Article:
A group of investors led by UAE businessman Mohamed Alabbar and Saudi Arabia's Public Investment Fund, launched the largest platform for e-commerce in the Arab world, named “Noon.com.”
In a press conference held in Dubai on Sunday announcing the platform, the Dubai-based billionaire stated that the platform will start its work in Saudi Arabia and the UAE simultaneously in January, and will start by offering 20 million products. The Saudi Wealth Fund will invest in a stake of 50%, while the other half will be owned by Alabbar and other regional investors.
Sources expected that a new e-shopping will enjoy high technical and logistical potential, and will open branches in several Arab countries. The company will also accompany the latest developments in e-commerce, including payment and delivery and consumer rights operations sector.
According to Reuters, Noon.com will launch operations in Saudi Arabia and the UAE in January, with 20 million products on the platform, Alabbar said.
The company plans to expand to Egypt by late 2017, and is also looking at Kuwait and Oman, though Alabbar did not give a timeframe.
E-commerce has struggled to gain a significant foothold in the Middle East, despite its young and tech-savvy population, hampered by inadequate logistics and electronic payment methods.
To compensate for issues around electronic payments, the venture will accept both online payments as well as cash upon delivery, Noon.com's chief executive Fodhil Benturquia said.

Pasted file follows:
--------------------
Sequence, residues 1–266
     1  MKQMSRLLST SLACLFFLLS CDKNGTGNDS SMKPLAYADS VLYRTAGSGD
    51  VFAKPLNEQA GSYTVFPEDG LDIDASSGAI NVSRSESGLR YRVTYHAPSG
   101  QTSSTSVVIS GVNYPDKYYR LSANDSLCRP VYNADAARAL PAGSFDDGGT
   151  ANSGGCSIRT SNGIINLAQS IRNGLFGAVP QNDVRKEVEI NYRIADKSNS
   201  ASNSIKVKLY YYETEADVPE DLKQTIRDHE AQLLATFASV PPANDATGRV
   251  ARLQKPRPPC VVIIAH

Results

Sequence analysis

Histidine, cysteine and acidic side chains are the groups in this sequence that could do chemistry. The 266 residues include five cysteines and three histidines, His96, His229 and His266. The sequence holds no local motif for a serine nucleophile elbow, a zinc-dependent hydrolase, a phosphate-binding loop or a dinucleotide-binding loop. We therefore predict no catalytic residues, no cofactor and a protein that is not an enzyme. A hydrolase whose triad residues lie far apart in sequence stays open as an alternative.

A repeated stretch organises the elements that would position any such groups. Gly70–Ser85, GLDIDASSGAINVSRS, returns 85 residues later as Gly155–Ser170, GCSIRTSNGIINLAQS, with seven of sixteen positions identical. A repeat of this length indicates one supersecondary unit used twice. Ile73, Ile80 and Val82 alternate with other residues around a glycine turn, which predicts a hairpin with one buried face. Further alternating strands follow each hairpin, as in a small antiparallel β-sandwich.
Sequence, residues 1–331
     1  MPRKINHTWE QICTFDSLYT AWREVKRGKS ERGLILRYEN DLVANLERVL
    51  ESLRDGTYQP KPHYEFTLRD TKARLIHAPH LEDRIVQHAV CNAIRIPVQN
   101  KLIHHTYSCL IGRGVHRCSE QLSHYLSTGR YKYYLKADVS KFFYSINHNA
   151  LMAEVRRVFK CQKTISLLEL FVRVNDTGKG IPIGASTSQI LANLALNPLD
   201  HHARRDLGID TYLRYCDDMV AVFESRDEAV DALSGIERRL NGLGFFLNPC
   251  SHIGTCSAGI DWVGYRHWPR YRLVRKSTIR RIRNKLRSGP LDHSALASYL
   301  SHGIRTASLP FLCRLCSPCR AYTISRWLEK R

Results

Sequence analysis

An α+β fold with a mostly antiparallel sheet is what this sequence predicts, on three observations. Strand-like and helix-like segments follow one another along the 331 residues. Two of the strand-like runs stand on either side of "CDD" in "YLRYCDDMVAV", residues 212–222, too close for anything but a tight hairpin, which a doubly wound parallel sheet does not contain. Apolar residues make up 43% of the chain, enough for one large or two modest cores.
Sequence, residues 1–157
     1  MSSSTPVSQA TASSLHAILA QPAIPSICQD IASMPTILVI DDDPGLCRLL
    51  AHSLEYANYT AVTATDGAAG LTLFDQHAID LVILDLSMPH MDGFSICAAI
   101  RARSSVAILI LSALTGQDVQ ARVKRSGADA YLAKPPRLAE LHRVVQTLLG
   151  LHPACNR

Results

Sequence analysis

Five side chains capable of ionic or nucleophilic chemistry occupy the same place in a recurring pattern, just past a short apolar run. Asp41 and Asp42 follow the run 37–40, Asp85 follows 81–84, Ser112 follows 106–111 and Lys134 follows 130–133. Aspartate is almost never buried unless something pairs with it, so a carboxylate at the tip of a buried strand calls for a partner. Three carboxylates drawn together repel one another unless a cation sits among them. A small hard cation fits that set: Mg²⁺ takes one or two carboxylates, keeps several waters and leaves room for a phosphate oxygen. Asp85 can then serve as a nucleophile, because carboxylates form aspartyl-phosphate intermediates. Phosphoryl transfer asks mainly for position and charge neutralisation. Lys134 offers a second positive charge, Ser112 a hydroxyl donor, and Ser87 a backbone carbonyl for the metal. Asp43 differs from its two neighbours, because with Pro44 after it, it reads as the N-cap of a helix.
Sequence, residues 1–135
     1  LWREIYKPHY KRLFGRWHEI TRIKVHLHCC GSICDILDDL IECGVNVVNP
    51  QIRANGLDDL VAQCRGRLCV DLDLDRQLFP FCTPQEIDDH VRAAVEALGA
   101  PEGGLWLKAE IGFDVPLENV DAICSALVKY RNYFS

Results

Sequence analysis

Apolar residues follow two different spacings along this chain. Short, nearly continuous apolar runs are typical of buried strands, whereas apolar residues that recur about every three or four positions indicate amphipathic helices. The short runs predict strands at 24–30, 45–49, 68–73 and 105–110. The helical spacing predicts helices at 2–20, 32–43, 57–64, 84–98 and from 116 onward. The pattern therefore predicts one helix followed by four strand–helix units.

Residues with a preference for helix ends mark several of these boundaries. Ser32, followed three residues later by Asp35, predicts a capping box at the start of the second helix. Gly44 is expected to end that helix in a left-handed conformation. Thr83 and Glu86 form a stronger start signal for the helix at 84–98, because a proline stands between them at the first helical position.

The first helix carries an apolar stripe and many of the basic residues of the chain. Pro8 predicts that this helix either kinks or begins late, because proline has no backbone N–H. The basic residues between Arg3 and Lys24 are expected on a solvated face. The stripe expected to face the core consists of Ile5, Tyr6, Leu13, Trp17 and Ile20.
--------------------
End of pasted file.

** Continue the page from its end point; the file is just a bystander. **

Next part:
The Riyadh-headquartered company, which takes its name from the Arabic letter 'noon', is targeting profitability within five years and a possible stock market flotation within five to seven years, Alabbar said.
In recent months, Alabbar has made several investments which would support an e-commerce platform, including buying stakes in Italian online retailer Yoox Net-A-Porter,Dubai-listed logistics firm Aramex and Kuwait Food Co (Americana).
Noon.com will use Aramex’s and Americana's logistic capabilities to deliver goods, Alabbar said.
PIF also recently made technology-related investments, including the purchase of a $3.5 billion stake in ride-hailing app Uber in June and a pledge for 45 percent of funding for a $100 billion tech investment fund with Japan's SoftBank Group.
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